Sudden infant death syndrome (SIDS) is defined as the sudden death of an infant less than 1 year of age that remains unexplained after a complete autopsy and death scene investigation (1). Typically, SIDS is associated with a sleep period and with risk factors in the sleep environment — for example, prone/face-down sleep, bed sharing, soft bedding, and over-bundling (2-4). Despite national safe sleep campaigns, SIDS remains the leading cause of post-neonatal infant mortality in the United States, with an overall rate of 0.40 SIDS deaths per 1,000 live births (5).
SIDS is a complex heterogeneous disorder that presents in seemingly healthy infants as death — sudden and unexplained. For the family, it comes without warning, devastating all of those in and surrounding the family. For the medical examiner, it comes with the challenge of distinguishing the SIDS death from other sudden and unexpected deaths in infancy, those associated with accidental asphyxia (e.g. accidental suffocation while bed sharing), unidentified infection, or trauma. An ultimate goal in SIDS research is to identify specific biomarkers of SIDS risk which can be used to prevent a SIDS death from occurring (via successful intervention), thus alleviating the burden to the family; or, if the death does occur, to identify a readily accessible biomarker of SIDS death, thus alleviating the burden of the medical examiner adjudicating the death. In this chapter we will address the concept of biomarkers of SIDS, biomarkers of a SIDS death, and biomarkers of SIDS risk.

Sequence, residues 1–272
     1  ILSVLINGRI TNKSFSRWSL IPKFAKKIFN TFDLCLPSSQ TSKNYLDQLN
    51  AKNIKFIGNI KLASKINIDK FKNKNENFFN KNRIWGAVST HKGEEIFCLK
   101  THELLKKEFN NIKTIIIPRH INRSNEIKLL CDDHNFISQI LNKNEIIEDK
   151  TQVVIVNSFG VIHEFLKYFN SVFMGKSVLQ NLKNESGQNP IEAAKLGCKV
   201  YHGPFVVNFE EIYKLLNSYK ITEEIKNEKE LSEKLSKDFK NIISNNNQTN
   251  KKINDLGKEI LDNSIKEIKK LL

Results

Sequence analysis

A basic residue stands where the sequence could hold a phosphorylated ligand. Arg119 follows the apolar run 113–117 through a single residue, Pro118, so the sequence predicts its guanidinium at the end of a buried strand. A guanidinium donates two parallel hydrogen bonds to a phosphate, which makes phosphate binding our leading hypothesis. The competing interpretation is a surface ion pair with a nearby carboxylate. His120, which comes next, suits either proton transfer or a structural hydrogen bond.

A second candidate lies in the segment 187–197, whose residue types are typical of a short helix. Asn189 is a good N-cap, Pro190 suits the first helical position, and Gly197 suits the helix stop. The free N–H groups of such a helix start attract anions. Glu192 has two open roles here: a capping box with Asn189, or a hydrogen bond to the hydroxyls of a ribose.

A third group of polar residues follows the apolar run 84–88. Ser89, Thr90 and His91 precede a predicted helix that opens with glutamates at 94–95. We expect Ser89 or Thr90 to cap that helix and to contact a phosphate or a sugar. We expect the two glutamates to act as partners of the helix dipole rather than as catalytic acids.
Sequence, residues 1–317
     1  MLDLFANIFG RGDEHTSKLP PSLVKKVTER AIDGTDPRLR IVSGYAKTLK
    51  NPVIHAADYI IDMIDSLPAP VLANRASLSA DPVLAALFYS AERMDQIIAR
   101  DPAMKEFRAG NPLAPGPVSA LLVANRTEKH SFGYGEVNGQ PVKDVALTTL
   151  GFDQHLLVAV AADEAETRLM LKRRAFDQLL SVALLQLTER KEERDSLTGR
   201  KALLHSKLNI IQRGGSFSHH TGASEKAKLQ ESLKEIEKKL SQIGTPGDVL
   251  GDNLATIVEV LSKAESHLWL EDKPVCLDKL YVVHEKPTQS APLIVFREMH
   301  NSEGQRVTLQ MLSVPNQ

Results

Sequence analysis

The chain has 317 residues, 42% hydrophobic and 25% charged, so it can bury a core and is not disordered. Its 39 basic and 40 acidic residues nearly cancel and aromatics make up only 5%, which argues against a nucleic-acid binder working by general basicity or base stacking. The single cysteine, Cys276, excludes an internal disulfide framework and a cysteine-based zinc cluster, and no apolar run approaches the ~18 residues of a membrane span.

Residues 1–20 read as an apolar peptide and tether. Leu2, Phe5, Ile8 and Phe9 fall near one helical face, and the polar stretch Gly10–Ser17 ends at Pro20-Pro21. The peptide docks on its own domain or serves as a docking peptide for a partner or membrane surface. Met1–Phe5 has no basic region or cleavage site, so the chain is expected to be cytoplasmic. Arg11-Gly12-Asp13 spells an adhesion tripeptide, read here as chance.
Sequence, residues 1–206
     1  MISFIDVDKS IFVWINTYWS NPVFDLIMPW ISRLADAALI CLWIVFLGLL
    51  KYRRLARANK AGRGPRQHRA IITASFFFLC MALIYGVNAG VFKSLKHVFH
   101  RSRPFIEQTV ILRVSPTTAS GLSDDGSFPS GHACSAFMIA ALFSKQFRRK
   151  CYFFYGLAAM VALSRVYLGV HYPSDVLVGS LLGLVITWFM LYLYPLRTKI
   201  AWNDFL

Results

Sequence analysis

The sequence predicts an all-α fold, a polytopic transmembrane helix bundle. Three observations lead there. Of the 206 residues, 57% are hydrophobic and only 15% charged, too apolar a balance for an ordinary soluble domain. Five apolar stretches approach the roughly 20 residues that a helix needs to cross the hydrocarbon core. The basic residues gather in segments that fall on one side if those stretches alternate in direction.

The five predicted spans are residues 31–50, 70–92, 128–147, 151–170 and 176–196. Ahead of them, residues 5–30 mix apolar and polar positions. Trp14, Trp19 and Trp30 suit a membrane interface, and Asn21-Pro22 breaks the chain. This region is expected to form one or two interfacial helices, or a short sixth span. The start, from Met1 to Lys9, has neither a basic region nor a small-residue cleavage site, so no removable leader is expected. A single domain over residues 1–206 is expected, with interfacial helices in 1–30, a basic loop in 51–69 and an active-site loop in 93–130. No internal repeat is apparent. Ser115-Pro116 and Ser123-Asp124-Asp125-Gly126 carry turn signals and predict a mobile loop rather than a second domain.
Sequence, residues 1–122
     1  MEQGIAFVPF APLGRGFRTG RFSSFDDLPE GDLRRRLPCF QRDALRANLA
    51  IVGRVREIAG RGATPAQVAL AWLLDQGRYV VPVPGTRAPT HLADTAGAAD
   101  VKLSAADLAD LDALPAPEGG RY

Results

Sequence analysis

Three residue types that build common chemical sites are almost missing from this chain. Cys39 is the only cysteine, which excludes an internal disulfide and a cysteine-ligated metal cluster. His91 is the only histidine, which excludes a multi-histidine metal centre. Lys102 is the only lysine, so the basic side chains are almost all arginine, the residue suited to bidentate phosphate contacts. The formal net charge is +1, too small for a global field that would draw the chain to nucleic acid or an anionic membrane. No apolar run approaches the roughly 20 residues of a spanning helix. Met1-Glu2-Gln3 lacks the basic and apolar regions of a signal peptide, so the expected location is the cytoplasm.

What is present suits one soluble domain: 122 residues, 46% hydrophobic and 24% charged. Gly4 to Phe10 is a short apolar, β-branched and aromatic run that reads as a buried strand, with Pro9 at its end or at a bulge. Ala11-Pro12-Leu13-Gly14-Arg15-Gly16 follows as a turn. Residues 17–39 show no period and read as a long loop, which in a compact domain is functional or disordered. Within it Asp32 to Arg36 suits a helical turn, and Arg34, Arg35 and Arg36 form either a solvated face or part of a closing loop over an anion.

Biomarkers, defined as objective indicators of a pathologic process, medical condition, or medical state, can be presented in many different forms or types of measurements. They can be biochemical biomarkers with a distinct signature of a single metabolite or group of metabolites specific to a disease process, genomic biomarkers defined as a DNA or RNA characteristic associated with a pathogenic process, or biomarkers which utilize physiological tests (e.g. heart rate and blood pressure) to identify or predict a disease state or disease risk. There have been several studies reporting physiological biomarkers (apnea, cardiac rate abnormalities, and arousal deficits) in infants who subsequently died of SIDS (6-10). Likewise, there have been genetic studies reporting on the potential association of genetic alterations with SIDS death (11-25).